We sat by you for quite a long time, watching the sunset and animatedly discussing a wide range of topics.  You faded into an accompaniment to two humans speaking the same language enjoying being together by the sea.  Diversity between humans and nature has beauty, but so does warm conversation between two humans, accompanied by nature.

Breathe in

Breathe out

Namaste

 

Written on March 24, 2018, near the Mediterranean Sea in Netanya, Israel.

Breathe in

Breathe out

Are you angry at me because I’m leaving Israel in a matter of days?  Your waves are moving fast and loudly.  The sky is a cloudy mass.  The sun peeks in and out.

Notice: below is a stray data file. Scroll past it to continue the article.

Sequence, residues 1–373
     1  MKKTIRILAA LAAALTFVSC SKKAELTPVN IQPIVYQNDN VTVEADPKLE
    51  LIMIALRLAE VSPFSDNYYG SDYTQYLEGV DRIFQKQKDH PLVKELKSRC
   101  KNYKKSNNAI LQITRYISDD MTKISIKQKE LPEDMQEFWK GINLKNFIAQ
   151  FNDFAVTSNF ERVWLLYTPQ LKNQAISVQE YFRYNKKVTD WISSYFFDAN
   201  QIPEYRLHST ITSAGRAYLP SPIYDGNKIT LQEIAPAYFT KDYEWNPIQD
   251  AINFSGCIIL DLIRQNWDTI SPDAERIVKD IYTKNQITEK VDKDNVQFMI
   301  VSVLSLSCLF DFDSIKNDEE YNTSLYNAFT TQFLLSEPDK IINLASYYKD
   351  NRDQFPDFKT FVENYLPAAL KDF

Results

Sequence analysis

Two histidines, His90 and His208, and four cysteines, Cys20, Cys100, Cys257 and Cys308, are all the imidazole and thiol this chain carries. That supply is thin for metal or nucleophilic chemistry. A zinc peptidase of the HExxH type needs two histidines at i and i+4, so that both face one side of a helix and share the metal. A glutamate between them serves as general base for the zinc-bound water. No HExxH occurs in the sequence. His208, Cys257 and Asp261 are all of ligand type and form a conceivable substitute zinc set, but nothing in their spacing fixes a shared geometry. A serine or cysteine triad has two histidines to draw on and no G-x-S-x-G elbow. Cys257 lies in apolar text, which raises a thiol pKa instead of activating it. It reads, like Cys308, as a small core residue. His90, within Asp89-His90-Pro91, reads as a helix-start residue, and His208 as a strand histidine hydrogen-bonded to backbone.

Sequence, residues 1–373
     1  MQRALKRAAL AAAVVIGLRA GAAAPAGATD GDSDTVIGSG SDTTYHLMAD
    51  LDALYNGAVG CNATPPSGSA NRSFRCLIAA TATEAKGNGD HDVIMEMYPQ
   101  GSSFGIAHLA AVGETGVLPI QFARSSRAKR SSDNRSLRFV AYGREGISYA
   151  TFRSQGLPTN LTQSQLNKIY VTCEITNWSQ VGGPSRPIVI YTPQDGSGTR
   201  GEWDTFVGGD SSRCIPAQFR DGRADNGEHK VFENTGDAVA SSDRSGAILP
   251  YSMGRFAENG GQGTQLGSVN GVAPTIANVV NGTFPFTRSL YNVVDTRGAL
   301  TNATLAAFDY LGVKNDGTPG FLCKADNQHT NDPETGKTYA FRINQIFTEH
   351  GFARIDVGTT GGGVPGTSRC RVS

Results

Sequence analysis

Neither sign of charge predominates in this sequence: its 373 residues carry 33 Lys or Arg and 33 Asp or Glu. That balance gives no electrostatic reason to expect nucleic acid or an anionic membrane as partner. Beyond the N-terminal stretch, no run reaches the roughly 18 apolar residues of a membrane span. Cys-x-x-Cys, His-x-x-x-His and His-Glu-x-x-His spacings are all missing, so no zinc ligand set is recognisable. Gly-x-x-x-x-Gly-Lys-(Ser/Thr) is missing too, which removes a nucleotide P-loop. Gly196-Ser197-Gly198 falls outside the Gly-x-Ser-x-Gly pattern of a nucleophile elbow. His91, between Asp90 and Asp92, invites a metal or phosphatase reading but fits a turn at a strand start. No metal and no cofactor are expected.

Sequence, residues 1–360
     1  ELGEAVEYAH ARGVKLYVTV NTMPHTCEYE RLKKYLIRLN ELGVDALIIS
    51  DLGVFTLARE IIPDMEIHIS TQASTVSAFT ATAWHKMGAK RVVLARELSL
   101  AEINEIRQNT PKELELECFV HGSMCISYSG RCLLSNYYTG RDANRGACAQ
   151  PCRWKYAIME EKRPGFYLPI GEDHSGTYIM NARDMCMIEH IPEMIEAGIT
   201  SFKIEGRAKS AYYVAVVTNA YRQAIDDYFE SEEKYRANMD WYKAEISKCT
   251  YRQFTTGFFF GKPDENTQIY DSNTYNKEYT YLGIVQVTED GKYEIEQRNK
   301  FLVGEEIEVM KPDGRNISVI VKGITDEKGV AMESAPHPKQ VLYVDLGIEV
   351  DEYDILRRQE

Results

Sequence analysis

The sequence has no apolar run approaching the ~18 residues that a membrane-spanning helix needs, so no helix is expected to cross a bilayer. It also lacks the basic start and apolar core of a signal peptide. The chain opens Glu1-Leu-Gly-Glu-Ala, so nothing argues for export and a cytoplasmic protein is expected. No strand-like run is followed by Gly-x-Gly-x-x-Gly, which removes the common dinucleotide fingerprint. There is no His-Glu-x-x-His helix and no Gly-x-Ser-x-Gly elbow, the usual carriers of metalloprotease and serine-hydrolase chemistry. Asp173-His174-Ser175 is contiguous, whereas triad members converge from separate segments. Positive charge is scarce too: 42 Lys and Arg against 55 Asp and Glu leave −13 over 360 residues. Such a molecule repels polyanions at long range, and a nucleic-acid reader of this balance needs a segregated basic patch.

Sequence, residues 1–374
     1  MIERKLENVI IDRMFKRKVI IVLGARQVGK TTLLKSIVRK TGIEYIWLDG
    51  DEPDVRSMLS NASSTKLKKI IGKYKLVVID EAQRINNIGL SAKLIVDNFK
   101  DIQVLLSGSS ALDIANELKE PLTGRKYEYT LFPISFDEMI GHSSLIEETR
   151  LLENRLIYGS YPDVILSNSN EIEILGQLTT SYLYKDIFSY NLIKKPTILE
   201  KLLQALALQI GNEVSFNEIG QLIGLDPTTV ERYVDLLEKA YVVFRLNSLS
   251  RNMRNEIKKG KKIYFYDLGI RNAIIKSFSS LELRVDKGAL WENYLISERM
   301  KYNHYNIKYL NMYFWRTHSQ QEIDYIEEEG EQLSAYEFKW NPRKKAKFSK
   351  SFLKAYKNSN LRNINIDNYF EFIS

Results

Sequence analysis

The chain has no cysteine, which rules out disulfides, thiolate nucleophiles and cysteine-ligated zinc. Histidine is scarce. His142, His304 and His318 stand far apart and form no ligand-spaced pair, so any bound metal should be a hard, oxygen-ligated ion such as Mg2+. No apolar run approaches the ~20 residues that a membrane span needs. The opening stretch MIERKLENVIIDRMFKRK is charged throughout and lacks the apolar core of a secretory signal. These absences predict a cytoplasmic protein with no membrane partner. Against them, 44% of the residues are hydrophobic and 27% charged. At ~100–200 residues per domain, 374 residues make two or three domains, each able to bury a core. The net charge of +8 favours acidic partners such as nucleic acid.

I came today with a bittersweet sense of our time together running out.  Over these past 3 months, I have seen you in many moods — both mine and yours.  Your company has meant a great deal to me.  We are certainly not equal, but we are both offspring of Mother Nature.  That makes us kin.

Since I cannot take you with me, I will only take the sense of you.  Will that be enough?  It will, after all, have to do.  But I will miss you terribly even so.

Breathe in

Breathe out

Namaste

Written on March 20, 2018, by the Mediterranean Sea in Netanya, Israel

Breathe in

Breathe out

I sit by you as day is about to turn into night.  And then I think about tomorrow night when I will be totally engulfed by stars in a place that has very little light pollution to diminish the impact.